“That’s really interesting. [pause] Hey, listen, as much as I’m enjoying our chat, I need to jet. Before I go though, is it okay if I ask you a question? [pause and wait for the yes] I know it’s a long shot, but I’m just wondering: Do you ever look at other ways to generate income, I mean, as long as they don’t take too much time?”
Check out the lead-in (“That’s really interesting”). This part puts a period (“.”) in the preceding part of the conversation. It then eases into the next phase of the conversation. Notice how gentle it comes across. In this manner, you avoid “startling” the other person.
This transition also explains why you’re asking them: because you’re “enjoying the conversation.” This may seem subtle, and it is. It also works. Like a champ.
This same transition also makes sure you have their attention. Notice the ending: “is it okay if I ask you a question?” This part of the phrase (1) raises their curiosity, and (2) ensures they’re paying attention because they realize you’re expecting them to respond.
Example #2 10
“Based on the way this conversation is going, I think there might be an unexpected reason we bumped into each other. I could be wrong, but I just have to ask: [pause] Are you at a point in life to explore outside opportunities?”
This transition has the same benefits as the first example. Why are you asking them? Because “based on the way this conversation is going, I think there might be an unexpected reason we bumped into each other.” How do you capture their attention? With the phrase “I just have to ask . . .”
[Author’s note: Only use the “based on the way this conversation…” lead-in if it applies to the situation at hand. Truth and sincerity above all else. Integrity matters.]
These examples convey a great deal of positive and compelling psychology. For the sake of brevity, we’ll have to forego the details in this article. There are plenty of other examples, which also get great results. Good news! You don’t have to understand all the nuances of transitions to put ‘em to work. Pick one that make sense and run with it.
Deep in the neotropical jungle, there’s a whole lot o’ shakin’ goin’ on. The culprit: Agalychnis callidryas, the Red-eyed tree frog, a tiny little critter with a great big message. He shakes his booty to win over the ladies. The bigger his tremulations, the more intense his vibrations, the more effectively he repels the competition, and the more attractive he is to nearby females. He literally gives off “vibes” in order to reproduce.
Before he can shake his stuff, though, he first must survive predator attacks. The RETF has a plan for this too. He wears a mix of super bright colors. The colors are so bright as to be out of place in the jungle. And therein lies the brilliance of his plan. He hides his neon colors during the light of day. If disturbed, he quickly snaps open those huge, scarlet red eyes thereby startling the threat. In the momentary confusion that ensues, he leaps away, exposing the rest of his striking coloration, which further confuses the predator.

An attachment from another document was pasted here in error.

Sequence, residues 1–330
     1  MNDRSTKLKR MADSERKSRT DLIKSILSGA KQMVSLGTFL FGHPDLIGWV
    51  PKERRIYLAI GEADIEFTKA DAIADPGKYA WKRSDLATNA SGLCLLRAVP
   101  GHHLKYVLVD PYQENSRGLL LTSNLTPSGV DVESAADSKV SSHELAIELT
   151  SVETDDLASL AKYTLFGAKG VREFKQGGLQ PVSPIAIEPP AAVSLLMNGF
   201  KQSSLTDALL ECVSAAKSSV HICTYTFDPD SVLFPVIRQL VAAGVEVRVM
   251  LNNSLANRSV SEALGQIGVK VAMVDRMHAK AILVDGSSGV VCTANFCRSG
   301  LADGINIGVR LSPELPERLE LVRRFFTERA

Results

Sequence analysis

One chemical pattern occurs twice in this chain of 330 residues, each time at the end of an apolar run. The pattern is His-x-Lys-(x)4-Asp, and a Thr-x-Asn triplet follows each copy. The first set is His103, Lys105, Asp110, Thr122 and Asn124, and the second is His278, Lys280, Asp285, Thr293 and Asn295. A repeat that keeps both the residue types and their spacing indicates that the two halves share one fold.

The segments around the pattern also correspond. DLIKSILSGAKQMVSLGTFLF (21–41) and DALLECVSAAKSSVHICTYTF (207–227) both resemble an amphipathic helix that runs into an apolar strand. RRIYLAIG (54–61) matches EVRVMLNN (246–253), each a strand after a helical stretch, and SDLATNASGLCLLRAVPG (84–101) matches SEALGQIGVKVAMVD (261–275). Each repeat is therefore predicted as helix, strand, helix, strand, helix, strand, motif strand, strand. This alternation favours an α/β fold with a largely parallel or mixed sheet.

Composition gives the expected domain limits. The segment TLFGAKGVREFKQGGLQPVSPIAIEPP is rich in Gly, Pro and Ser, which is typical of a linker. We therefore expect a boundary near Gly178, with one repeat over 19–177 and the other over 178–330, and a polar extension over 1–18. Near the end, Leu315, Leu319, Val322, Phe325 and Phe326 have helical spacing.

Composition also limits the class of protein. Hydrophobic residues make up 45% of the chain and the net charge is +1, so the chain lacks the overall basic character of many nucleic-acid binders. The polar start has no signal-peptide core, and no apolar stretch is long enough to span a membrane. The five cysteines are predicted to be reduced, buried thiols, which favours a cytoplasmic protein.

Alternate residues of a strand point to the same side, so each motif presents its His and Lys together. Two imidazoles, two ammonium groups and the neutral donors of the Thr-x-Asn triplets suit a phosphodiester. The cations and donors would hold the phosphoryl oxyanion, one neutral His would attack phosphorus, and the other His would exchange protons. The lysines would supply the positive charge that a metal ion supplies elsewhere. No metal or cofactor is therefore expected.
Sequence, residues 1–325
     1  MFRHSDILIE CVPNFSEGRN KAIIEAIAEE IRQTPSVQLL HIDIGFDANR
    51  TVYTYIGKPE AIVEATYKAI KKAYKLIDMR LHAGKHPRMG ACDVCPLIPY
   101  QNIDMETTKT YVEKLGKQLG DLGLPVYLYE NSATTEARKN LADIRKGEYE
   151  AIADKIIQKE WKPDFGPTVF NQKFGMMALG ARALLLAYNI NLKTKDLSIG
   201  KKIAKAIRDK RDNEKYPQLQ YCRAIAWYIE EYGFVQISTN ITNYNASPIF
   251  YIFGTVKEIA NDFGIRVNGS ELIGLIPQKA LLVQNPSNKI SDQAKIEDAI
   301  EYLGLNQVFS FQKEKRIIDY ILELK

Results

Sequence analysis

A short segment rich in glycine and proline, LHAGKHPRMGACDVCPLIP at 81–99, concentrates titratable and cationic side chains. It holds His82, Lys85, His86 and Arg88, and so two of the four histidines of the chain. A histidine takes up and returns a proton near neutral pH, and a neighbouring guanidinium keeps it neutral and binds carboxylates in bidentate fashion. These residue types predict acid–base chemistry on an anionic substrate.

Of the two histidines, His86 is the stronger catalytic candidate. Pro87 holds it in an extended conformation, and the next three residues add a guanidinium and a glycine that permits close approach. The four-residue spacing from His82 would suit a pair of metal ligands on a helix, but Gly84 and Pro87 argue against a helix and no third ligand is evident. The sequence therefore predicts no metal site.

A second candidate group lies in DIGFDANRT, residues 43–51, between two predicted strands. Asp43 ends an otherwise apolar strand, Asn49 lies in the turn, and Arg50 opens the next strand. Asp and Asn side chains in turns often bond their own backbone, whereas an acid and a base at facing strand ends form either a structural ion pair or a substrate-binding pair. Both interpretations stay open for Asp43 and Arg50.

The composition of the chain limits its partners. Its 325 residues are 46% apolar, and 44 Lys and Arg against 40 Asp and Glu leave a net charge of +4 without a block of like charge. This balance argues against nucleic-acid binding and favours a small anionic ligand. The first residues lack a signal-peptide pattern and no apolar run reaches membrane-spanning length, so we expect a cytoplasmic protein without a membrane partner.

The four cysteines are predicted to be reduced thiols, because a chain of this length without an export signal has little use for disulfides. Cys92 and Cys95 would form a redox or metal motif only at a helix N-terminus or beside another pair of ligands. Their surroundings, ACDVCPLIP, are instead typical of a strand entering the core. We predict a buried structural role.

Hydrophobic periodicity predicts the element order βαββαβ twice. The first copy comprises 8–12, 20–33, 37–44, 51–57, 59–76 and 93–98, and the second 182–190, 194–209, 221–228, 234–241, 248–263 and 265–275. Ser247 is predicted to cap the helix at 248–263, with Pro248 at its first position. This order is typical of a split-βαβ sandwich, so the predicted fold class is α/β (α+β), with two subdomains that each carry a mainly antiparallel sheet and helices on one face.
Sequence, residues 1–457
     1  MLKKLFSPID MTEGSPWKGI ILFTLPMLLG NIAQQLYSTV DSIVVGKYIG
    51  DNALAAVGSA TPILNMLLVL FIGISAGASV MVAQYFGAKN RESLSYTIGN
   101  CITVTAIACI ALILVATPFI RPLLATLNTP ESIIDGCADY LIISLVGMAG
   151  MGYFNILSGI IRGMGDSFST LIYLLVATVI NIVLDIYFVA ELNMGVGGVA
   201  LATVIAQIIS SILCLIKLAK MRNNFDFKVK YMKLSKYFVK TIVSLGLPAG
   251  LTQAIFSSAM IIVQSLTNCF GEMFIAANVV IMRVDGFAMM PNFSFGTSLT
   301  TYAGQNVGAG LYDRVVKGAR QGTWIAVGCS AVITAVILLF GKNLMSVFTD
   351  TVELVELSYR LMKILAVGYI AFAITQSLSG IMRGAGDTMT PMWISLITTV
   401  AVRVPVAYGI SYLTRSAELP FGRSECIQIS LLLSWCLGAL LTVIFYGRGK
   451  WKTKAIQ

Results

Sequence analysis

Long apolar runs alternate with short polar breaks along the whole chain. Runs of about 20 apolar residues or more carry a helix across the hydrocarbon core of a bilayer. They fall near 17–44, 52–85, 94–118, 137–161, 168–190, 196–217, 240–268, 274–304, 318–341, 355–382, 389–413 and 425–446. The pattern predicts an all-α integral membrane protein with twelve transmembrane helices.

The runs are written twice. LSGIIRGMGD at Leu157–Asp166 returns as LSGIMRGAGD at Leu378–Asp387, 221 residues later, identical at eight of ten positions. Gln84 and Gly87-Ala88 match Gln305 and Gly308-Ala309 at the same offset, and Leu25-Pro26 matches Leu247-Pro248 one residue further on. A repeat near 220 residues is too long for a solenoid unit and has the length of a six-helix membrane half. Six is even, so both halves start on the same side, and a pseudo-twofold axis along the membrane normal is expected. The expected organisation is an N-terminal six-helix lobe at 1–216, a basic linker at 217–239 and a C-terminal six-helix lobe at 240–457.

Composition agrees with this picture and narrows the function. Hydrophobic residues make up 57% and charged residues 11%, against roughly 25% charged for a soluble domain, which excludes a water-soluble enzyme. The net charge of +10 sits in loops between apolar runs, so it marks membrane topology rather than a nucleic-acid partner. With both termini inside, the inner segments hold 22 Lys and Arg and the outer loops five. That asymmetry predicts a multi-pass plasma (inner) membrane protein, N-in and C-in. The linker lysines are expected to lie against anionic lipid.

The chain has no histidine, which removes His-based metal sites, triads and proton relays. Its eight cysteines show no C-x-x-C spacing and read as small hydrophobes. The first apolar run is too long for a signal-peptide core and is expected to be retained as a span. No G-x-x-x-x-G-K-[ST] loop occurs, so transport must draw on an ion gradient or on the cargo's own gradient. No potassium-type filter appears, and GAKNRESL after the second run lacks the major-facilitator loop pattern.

As a professional prospector, take a cue from the Red-eyed tree frog. Learn from the frog’s strategies and then do just the opposite. Don’t open the conversation by suddenly injecting the subject of opportunity. Don’t startle the prospect with your “bright” ideas of abruptly changing the subject. If you do, you’ll catch them off guard. Don’t dance around in the conversation trying to figure out how to the shake your offer at the prospect as soon as they get “within range.” Otherwise, you give off an odd vibe, which drives your prospect away. Far, far away.
Instead, have a little empathy. Bring up the subject of opportunity tenderly and calmly. Use a smart transition to broach the subject with gentleness and subtlety. In so doing, your prospecting conversations flow smoothly and naturally. This is how you attract and win over prospects. It takes a little practice, but it is oh so worth it. Because when you get it right, you may very well hit the charts with a record of your own. Red eyes or a smooth transition—one leads to random reproduction, the other to disciplined duplication. The choice is yours.
Choose wisely because the ripple effect—the impact you end up making—just might shake your booty to the core.
- Boman, B. Agalychnis callidryas. https://animaldiversity.org/accounts/Agalychnis_callidryas (2002).
- Whittaker, K. Agalychnis callidryas. https://amphibiaweb.org/species/616 (2007).
- Wilson, D. Wildlife of the World. (DK, 2015).
- Helmenstine, A. Red-eyed Tree Frog Facts. https://www.thoughtco.com/red-eyed-tree-frog-facts-4580231 (2017).
- Caldwell, M., Johnston, G., McDaniel, G, & Warkentin, K. Vibrational signaling in the agonistic interactions of red-eyed treefrogs. Current Biology 20, 1012-1017 (2010).
- Serrano, M., Cruz, J., Villatoro-Castañeda, M. & and Ariano-Sánchez, D. Tremulation display in male agonistic behavior of the black-eyed leaf frog galychnis moreletii: Hylidae. Animal Behavior and Cognition 5, 222-228 (2018).
- Integrated Taxonomic Information System on-line database. Agalychnis callidryas. https://www.itis.gov/servlet/SingleRpt/SingleRpt?search_topic=TSN&search_value=208130#null (1993).
- Breiham, T. The Number Ones: KC & The Sunshine Band’s “(Shake, Shake, Shake) Shake Your Booty.” https://www.stereogum.com/2057982/the-number-ones-kc-the-sunshine-bands-shake-shake-shake-shake-your-booty/columns/the-number-ones (2019).
- Billboard. https://www.billboard.com/charts/hot-100/1976-09-11 (n.d.).
- McNeil, R. More Critters, More Lessons. Burning Bush Media Group (2021).